When Stefanos Zenios was studying for his doctorate at the Massachusetts Institute of Technology, his supervisor set him a challenge: work out whether it would be possible to cut the cost of testing for HIV, the virus that causes Aids, by pooling all the blood samples taken from a single community.

The young postgraduate was studying neither medicine nor biochemistry. His PhD was in operations research (OR), the discipline that uses mathematical models and statistics to study human systems.

It is a sign of the times that Prof Zenios is now one of the brightest rising stars at Stanford University’s highbrow Graduate School of Business. Once seemingly headed for irrelevance, OR is making a something of comeback.

“We live in a world that is increasingly rich in data and increasingly rich in computational power,” observes the 35 year old.

Thus Companies have started to use OR techniques to model not only their supply chains (long the main province of OR in business) but also the behaviour of customers and competitors. Government agencies are calling on OR specialists to study the spread of diseases and ­strategies for prevention or cure.

Prof Zenios, 35, grew upand went to school in Cyprus, where he also took private English lessons to expand his educational horizons. The extra study paid off with a place at Britain’s Cambridge University, where he read mathematics.

But the young student was never interested in maths for its own sake. He was drawn to the applied side – probability, statistics and computer science. He recalls: “I was fascinated by the idea that you could use the discipline of mathematics to say something about systems designed by humans.”

This practical outlook led to MIT, academic home to Jay Forrester, one of the founding fathers of OR, and then to Stanford, in California. Last year, he was elected a full professor in the business school.

For the record, the HIV-testing project did not lead to a breakthrough. But the exercise opened Prof Zenios’s eyes to the way OR techniques could be used to address issues of public health. His academic ­reputation is founded ona series of studies examining alternative rules for distributing the scarce supply of human kidneys available for transplant among patients on dialysis.

Why focus on health rather than, say, poverty or business efficiency? “Obviously, health issues are very important,” says Prof Zenios. “I also thought it would be easy to work with practitioners who are trained in scientific method.”

And so it is, he adds, if you can find the right collaborator. His research partner for the work on kidney transplants is Lainie Ross, a University of Chicago doctor and medical ethicist who shares his fascination with statistics.

Collaboration with an ethicist underlines the fact that Prof Zenios is dealing with more than abstract numbers. The essence of OR is that it looks for solutions that are not only efficient but also practical. In medicine this can be especially complex.

Says Prof Zenios says: “If you are looking at a supply chain it is fairly easy to define what the objective is. But in healthcare there are many more stakeholders. You need to think about fairness as well as efficiency.”

About 15,000 kidney transplants are performed each year in the US. But this is fewer than half of the 40,000 or so patients who are awaiting transplants. A shortage of suitable organs is to blame. Even if a relative is willing to donate a kidney, a mismatch of blood types often scuppers the plan.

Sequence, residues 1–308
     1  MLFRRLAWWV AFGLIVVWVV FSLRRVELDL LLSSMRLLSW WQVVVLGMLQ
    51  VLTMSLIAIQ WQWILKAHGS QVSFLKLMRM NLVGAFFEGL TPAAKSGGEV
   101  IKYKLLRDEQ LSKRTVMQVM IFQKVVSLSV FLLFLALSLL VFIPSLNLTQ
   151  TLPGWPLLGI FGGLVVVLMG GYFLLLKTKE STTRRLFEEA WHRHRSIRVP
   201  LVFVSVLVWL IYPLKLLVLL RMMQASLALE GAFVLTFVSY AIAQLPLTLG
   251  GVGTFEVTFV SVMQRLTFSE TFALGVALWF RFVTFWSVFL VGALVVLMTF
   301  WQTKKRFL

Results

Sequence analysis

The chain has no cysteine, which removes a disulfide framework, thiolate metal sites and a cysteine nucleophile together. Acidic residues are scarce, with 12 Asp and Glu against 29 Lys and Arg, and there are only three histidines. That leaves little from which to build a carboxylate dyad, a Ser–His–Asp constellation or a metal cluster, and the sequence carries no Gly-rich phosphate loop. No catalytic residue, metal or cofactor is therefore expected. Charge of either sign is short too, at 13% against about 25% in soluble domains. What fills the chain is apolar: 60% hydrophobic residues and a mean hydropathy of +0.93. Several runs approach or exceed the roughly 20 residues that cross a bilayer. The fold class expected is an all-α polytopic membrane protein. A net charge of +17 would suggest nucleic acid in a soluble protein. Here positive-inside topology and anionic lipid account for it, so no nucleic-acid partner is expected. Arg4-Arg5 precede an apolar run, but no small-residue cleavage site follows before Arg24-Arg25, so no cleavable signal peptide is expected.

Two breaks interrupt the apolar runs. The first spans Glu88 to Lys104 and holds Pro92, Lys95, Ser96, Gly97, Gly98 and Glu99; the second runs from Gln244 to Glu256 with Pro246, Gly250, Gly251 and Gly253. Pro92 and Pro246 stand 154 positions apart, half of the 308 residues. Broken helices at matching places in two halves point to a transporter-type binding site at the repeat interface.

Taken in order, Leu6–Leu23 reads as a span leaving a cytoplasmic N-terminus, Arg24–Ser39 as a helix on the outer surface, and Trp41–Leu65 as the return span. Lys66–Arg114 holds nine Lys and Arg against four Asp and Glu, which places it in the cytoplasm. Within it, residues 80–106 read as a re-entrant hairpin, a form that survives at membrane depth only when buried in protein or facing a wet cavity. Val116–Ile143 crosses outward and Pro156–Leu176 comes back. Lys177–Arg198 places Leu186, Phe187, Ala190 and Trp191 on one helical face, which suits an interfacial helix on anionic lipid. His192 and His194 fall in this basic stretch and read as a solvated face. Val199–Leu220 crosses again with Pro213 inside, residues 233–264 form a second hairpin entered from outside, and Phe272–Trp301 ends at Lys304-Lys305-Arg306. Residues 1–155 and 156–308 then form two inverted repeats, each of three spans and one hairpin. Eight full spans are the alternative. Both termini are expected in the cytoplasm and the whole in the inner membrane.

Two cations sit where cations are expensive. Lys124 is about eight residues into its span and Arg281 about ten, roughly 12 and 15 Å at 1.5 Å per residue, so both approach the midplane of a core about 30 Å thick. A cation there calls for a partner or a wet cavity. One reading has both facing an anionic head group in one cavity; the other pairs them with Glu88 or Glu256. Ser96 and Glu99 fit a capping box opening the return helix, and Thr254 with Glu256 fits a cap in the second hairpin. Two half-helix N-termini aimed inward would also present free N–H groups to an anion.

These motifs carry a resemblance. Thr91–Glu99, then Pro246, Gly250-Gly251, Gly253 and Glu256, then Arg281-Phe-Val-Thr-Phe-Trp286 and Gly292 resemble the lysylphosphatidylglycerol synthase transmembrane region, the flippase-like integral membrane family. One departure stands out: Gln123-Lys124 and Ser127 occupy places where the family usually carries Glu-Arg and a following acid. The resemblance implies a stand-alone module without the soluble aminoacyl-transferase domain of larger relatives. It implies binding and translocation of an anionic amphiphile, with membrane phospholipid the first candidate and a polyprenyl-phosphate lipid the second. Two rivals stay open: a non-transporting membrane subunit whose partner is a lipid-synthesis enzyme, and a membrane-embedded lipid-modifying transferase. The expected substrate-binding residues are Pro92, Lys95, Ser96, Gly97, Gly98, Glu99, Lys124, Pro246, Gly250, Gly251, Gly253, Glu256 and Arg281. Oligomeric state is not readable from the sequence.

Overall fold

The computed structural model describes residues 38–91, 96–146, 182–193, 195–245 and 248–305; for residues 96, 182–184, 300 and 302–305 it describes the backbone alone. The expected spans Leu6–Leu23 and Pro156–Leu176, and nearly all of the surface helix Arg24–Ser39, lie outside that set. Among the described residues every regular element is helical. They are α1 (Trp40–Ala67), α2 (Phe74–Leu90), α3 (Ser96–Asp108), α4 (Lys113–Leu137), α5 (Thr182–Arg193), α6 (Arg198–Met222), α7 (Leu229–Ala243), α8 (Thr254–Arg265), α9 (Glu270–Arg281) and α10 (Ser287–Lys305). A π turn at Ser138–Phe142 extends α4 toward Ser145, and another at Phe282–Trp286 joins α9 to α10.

The system would be more efficient, reasoned Prof Zenios, if the organs offered by family members were not lost to the system. He first tried to fashion an exchange programme in which pairs of donors and patients would swap kidneys to make more matches. But OR modelling revealed that such an live donor exchange would result in only 1 per cent more ­transplants.

So Prof Zenios looked at another idea: if a family member donates a kidney to the pool, the transplant candidate to whom they are related moves up the waiting list and receives the first available kidney that matches.

Friends or relatives can, in effect, “buy” a priority position on the waiting list by donating an organ. The modelling in this case showed that the system could decrease waiting time by 15 per cent.

One of the lessons Prof Zenios draws from the experience is that OR researchers must collaborate closely with practitioners if they expect to be taken seriously: “Physicians want to know not only that something works but also why it works. You need to understand the clinical detail.”Even so, this is controversial work. Prof Zenios and Dr Ross spent months devising a complex system for ranking transplant candidates that took into account factors including health condition, age, imminence of total kidney failure and blood type.

While the Zenios/Ross system has not been adopted in full, their research approach has been hugely influential. The notion that OR can be used to model the likely impact of heathcare policies and protocols has spread to other corners of the medical community

The same goes for operations researchers in business. It is no secret that after its heyday in the 1950s and 60s, OR suffered from a tendency to look inward. Energy was expended arguing over the finer points of methodology rather than taking OR techniques out into the world.

Prof Zenios’s work shows what might be achieved if OR is applied rigorously yet pragmatically to real problems. To underline the point, at Stanford he is helping to lead a pioneering course that brings together medical, engineering and MBA students. Teams of students identify a medical need, design a medical device to meet the need and develop a business plan to bring the device to market.

Says Prof Zenios: “Operations research should be interdisciplinary and it should be practical.”

The same could be said of all business education.

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